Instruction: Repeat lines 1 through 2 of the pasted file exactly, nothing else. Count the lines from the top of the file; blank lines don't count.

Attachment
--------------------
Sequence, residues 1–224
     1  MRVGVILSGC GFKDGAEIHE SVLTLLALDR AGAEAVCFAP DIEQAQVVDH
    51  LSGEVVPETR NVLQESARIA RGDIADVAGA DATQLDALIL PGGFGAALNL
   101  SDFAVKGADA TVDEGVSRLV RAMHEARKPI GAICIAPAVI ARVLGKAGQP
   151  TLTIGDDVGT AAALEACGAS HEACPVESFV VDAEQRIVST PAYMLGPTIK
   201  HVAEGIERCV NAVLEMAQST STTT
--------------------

Sequence, residues 1–224
     1  MRVGVILSGC GFKDGAEIHE SVLTLLALDR AGAEAVCFAP DIEQAQVVDH